Female-Specific Data Lacking for Myocardial Revascularization: SCAI

A new consensus statement shines a light on areas where additional evidence for women in needed, Alexandra Lansky says.

Female-Specific Data Lacking for Myocardial Revascularization: SCAI

When it comes to myocardial revascularization in women, there are still a lot of unknowns stemming from a lack of data, and the Society for Cardiovascular Angiography and Interventions (SCAI) hopes to accelerate research on the issue by identifying the gaps in knowledge in a new consensus statement.

Women, particularly those who are younger and who have STEMI or cardiogenic shock, tend to receive less-aggressive treatment than do men, and that’s thought to contribute to worse outcomes, Alexandra Lansky, MD (Yale University School of Medicine, New Haven, CT), chair of the document’s writing group, told TCTMD.

Moreover, women have historically been underrepresented in clinical studies and as a result, practice guidelines don’t contain sex-specific information, Lansky said.

This consensus statement, published online last week in the Journal of the Society for Cardiovascular Angiography and Interventions, highlights what is and is not known about myocardial revascularization in the female population in a format mirroring guideline documents.

While the guidelines give us broad recommendations across men and women, our consensus homes in on the knowns and the gaps in evidence, so we can make informed decisions on best treatment options for women,” Lansky said. There are already ongoing efforts to build additional evidence around revascularization in women, “and we hope to encourage more,” she added.

The document reviews the existing sex-specific literature and identifies gaps related to the epidemiology of ischemic heart disease; various diagnostic tools used to guide procedures; revascularization across the spectrum of coronary disease; considerations in specific patient populations; device and lesion considerations during percutaneous revascularization; and vascular access and health status outcomes in women.

Some of the areas identified as lacking information include the true prevalence of obstructive and nonobstructive CAD in women presenting with MI, potential sex differences when various diagnostic tools are used to guide procedures, and the choice of CABG or PCI for women across multiple conditions.

Providing an example of a scenario in need of additional data, Lansky noted that the latest US guidelines on myocardial revascularization—published in December—recommend either PCI or CABG in patients with left main or three-vessel disease and lower SYNTAX scores. Women only made up 20% to 25% of the patients included in the trials informing that guidance, however, and there is some evidence that female patients would actually do better with CABG. “Whether that’s true or not is not entirely clear, but we do need more randomized data for our female patients so we can understand [how to get] the best treatment recommendations and best outcome,” Lansky said.

How women with STEMI and shock are managed is another area in need of attention, she pointed out, noting that female patients often don’t get adequate treatment. “One of the strong recommendations of this consensus is to better define pathways of care for females where delays or too often not offering standard treatments is known to worsen outcomes.”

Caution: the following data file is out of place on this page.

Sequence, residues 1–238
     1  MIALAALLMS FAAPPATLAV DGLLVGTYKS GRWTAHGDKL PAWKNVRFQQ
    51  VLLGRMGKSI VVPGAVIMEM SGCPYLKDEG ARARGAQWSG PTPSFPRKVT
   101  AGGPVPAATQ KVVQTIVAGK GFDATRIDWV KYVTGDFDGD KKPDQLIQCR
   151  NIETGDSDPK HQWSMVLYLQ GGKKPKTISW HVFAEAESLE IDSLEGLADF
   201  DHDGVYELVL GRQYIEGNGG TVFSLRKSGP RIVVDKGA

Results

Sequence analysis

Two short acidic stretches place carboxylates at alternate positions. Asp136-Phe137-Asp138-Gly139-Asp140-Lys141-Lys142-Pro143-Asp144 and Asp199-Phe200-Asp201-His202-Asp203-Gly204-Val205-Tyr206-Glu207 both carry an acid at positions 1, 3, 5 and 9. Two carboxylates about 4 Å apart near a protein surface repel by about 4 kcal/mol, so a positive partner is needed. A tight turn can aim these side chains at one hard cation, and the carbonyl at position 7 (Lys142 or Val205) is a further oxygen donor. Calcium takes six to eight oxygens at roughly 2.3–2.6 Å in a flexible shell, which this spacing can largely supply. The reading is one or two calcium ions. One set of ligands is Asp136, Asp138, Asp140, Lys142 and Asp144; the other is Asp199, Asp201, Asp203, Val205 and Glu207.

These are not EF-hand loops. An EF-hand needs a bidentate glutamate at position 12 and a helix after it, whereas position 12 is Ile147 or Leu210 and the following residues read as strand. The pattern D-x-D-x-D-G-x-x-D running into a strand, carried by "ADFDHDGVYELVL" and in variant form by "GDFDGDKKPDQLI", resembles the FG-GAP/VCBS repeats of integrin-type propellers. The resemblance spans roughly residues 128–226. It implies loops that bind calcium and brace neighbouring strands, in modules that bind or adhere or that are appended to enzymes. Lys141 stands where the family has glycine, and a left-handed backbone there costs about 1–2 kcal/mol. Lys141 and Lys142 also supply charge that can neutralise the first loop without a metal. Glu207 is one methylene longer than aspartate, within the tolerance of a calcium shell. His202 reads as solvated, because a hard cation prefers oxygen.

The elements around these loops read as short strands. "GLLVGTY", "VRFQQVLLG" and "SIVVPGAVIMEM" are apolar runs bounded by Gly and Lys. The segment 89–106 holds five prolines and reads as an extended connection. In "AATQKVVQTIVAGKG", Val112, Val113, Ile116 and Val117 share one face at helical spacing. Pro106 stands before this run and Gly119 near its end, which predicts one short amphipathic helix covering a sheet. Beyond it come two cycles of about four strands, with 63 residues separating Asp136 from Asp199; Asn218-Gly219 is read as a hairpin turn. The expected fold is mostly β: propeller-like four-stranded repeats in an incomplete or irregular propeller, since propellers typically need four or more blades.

But it’s not all negative, Lansky said, citing evidence around the use of intravascular lithotripsy that indicates women fare better than men, with fewer complications. “We hope to inform and change practice for treating calcified lesions with safer approaches whenever possible,” she said.

In a broader sense, the consensus document is a “call to action” for expedited access to care for all patients. “It brings attention to differences in outcomes between men and women, to the disparities in access to care, and to the underrepresentation [of women] in clinical studies,” said Lansky.

When it comes to how this statement might be used, the authors note that “in many clinical scenarios, the level of evidence supporting clinical decisions in women is poor due to insufficient data,” but add that “clinicians can use the observations highlighted in this document to guide practice.”

“Until further investigation in women is performed, interventional cardiologists should continue to apply relevant randomized trial evidence to inform clinical judgment and best practices in women undergoing PCI,” they advise.

In an accompanying editorial, Birgit Vogel, MD (Icahn School of Medicine at Mount Sinai, New York, NY), and colleagues note in a report published last year by a Lancet commission on women and CVD, ischemic heart disease was one of the areas in which sex-related disparities in diagnosis and care were particularly relevant.

“Substantial differences between women and men with ischemic heart disease in pathophysiology, clinical presentation, risk factor patterns, quality of care, and outcomes have been increasingly recognized,” they write. “Therefore, sex-specific considerations in myocardial revascularization as a cornerstone of the treatment for ischemic heart disease are of particular interest.”

On that background, “this expert consensus statement is a powerful reminder of how little robust evidence exists on ischemic heart disease and myocardial revascularization in women,” Vogel et al say. “It is, furthermore, a call to action to urgently build the evidence base for sex-specific recommendations, where appropriate, and improve care for women with cardiovascular disease.”

Todd Neale is the Associate News Editor for TCTMD and a Senior Medical Journalist. He got his start in journalism at …

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  • Lansky reports no relevant conflicts of interest.